Mendleson could feel the anger, frustration, and pain radiating from Henrietta, and he understood it. She seemed to recognize it, too. She looked at him, caught his eye. I’ll never stop, Henrietta, he thought at her. He hoped she could hear it, or at least feel it. He didn’t want to say it aloud. Karl didn’t know about Henrietta’s vision, and now did not seem the best time to bring it up.
Karl turned back to his stew, apparently unable to face Henrietta any longer. He stirred the pot a bit, and then said, “It’s done. Perhaps some food will help us all calm down.”
Mendleson didn’t think food would help at all.
* * *
Henrietta tried to decide who she held more anger for: her uncle, or her grandmother. In the dark of the night, alone in her uncle’s bed, she pondered whose offense was worse, and could not come to a conclusion. All she could think was that her grandmother, long dead, was beyond her reach, and her uncle was asleep in a chair in the front room.
Her uncle had given her his room and Mendleson the other room. Mendleson looked like he wanted to argue against it, but after learning what happened to her mother, she didn’t want her uncle to know how close she felt to Mendleson.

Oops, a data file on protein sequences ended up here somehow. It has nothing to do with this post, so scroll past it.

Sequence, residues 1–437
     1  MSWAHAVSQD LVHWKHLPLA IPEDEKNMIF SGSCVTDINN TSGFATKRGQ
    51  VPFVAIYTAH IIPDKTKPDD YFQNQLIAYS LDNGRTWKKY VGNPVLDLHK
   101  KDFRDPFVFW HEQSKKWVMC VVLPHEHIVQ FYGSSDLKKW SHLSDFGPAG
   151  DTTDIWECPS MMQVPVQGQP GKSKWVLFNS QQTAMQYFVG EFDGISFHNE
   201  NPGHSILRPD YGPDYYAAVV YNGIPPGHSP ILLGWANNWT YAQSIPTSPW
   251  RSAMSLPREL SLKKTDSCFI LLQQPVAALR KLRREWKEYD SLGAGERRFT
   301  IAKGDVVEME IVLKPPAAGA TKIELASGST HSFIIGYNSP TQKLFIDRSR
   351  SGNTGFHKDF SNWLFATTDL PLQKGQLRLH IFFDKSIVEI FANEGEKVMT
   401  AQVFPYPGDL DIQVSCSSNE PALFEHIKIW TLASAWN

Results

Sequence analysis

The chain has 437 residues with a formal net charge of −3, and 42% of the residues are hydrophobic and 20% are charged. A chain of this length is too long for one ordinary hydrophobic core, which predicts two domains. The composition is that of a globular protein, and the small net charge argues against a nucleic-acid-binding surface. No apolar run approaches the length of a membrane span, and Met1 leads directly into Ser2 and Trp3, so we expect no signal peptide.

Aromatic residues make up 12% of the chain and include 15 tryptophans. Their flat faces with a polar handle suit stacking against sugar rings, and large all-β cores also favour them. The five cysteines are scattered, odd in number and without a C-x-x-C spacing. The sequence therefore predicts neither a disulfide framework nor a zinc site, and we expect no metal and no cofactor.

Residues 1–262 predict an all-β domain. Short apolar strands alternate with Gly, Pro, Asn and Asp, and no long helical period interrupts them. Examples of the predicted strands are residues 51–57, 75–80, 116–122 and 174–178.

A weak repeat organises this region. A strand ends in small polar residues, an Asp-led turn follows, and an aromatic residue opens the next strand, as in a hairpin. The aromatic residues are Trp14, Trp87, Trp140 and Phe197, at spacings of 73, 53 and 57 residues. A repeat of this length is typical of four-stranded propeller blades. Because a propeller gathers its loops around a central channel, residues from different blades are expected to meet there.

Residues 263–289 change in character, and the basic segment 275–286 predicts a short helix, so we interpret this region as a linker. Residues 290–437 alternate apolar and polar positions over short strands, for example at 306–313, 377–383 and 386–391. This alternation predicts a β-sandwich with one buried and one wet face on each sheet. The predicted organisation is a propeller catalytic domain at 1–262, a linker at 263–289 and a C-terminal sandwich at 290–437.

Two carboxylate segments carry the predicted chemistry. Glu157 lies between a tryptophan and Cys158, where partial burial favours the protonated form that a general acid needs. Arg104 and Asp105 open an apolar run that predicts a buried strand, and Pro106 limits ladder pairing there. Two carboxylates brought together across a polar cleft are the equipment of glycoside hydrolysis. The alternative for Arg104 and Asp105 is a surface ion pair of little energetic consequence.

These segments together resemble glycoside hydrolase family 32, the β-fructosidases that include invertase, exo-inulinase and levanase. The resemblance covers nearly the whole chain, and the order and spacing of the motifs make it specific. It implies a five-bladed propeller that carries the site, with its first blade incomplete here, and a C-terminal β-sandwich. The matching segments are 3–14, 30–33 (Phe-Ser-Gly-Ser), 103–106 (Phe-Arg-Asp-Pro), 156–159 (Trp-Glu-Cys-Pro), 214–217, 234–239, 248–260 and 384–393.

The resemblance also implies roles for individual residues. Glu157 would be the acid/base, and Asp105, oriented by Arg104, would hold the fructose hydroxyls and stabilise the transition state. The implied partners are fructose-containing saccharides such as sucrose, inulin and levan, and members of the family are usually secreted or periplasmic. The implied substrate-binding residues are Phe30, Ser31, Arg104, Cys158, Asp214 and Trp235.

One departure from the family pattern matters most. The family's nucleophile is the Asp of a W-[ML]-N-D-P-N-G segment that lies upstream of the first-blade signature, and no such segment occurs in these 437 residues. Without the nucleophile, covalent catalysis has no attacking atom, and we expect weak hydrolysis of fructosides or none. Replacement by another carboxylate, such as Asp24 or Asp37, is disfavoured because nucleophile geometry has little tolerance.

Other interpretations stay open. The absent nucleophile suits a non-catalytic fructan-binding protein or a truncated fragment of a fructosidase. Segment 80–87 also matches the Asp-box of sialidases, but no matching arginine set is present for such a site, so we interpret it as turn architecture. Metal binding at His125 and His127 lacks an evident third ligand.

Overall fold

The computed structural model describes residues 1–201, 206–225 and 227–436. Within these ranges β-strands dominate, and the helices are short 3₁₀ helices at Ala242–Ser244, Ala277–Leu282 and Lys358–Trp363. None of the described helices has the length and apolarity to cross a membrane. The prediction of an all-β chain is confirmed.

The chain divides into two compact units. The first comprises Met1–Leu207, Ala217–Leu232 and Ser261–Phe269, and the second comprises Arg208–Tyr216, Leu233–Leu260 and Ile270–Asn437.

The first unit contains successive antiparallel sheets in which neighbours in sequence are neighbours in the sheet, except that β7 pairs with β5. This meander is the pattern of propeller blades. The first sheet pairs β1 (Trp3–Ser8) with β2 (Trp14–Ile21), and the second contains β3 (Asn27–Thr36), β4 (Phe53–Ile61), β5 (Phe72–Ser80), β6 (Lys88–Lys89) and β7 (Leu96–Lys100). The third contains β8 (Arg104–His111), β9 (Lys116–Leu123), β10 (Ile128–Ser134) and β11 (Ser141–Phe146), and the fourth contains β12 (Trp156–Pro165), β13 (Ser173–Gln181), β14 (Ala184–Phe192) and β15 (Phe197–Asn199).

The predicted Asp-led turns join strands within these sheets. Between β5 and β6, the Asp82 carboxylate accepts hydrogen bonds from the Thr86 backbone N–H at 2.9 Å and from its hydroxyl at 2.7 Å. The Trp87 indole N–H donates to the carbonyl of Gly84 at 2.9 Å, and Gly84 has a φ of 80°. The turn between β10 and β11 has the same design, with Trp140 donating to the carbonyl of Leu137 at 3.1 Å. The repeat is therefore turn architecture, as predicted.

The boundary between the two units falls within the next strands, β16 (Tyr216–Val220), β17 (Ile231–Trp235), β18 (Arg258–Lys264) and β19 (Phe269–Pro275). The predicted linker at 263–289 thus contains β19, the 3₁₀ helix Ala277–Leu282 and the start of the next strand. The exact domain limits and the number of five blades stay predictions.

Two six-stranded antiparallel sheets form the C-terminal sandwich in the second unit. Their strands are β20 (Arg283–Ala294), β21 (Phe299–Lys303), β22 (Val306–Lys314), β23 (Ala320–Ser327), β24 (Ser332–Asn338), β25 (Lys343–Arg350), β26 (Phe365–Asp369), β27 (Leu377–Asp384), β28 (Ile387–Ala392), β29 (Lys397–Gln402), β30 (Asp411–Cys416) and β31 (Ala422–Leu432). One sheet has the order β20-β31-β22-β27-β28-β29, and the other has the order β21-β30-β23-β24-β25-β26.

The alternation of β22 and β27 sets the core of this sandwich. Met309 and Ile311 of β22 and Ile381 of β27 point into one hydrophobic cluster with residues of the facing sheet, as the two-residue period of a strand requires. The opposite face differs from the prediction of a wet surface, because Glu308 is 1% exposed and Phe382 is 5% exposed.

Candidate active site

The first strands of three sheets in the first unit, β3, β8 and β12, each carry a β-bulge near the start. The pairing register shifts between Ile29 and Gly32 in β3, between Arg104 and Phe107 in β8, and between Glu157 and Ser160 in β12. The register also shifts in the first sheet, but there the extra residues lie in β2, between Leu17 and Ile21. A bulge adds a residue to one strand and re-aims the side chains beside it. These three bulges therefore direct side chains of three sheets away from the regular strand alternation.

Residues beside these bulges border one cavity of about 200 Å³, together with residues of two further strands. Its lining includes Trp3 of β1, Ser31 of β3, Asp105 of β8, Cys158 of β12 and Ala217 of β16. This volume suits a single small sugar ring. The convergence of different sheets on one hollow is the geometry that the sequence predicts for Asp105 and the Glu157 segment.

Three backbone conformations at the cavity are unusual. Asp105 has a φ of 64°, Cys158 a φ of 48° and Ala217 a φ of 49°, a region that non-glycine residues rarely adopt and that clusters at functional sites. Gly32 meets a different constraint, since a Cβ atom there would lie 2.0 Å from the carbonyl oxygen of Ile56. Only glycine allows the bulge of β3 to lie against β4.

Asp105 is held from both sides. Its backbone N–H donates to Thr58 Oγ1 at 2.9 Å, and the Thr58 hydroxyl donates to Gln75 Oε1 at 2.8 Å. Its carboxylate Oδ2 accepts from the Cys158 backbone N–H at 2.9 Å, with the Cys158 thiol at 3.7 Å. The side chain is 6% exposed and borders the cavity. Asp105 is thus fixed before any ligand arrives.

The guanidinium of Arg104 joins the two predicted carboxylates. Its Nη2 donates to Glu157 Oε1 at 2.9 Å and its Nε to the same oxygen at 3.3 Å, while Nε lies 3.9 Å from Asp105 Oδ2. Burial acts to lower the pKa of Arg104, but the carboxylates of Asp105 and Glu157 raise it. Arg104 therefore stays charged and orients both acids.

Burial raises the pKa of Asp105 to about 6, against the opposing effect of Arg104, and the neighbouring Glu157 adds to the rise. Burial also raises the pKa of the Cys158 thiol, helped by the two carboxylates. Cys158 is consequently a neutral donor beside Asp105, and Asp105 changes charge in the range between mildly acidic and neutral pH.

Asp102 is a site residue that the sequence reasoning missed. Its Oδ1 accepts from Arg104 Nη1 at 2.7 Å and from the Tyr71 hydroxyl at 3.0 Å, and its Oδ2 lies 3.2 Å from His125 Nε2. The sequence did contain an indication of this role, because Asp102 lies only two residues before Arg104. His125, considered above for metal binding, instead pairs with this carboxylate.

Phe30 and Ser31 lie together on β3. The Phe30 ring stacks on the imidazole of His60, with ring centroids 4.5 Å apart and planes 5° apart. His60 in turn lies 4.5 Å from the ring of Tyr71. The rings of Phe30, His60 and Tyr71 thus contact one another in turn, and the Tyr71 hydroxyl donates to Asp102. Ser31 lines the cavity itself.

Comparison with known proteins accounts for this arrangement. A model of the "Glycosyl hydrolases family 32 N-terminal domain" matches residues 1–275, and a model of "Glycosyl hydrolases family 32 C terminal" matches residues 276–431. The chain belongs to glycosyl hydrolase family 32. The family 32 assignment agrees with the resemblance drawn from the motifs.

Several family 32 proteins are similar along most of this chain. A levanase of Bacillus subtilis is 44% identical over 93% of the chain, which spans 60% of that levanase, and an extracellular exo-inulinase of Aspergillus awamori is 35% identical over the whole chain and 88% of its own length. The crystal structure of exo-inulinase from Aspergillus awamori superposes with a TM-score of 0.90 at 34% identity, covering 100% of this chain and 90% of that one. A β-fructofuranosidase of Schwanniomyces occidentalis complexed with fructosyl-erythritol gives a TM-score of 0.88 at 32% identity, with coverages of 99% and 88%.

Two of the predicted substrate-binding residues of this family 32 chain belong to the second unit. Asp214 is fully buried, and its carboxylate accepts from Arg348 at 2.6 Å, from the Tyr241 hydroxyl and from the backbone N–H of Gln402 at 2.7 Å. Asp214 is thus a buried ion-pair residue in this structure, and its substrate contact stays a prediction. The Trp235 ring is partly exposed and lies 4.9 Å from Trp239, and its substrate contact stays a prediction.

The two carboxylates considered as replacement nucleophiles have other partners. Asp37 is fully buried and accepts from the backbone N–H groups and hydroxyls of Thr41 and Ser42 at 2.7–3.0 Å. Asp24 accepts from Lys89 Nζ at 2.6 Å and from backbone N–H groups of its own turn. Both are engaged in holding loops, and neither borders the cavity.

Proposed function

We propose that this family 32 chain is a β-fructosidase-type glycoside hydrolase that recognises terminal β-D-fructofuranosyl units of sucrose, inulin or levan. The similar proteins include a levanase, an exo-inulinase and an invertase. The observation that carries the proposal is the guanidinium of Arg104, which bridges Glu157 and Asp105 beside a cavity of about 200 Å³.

She had two minds on that topic, as well. She wanted him to leave on his own, she wanted him to decide it wasn’t worth it, and she wanted him to decide to save himself. He deserved to live, to find love somewhere else where that love wouldn’t die in a week. After all the pain he had suffered, he deserved better.
But, she also wanted him to stay, to protect her, to sleep beside her like they had in the barn. She wanted more touches, another kiss. She craved them every night since, but the vision stopped her. If she gave in to her desires, she knew there would be no way to save him.
What was worse, she suspected her uncle knew how to find the Oracle. She only wished she knew why he wouldn’t tell her.
Her options were growing few in number, if indeed she’d ever had many options. She wanted to talk to someone about them. She wanted to talk to Mendleson about them. They hadn’t been able to talk over supper. Despite her uncles hopes, there was too much tension, mostly from her anger. Few words were spoken at all.
The idea of sneaking into Mendleson’s room and laying down next to him crept into her mind. It excited her, and she sat up in her bed.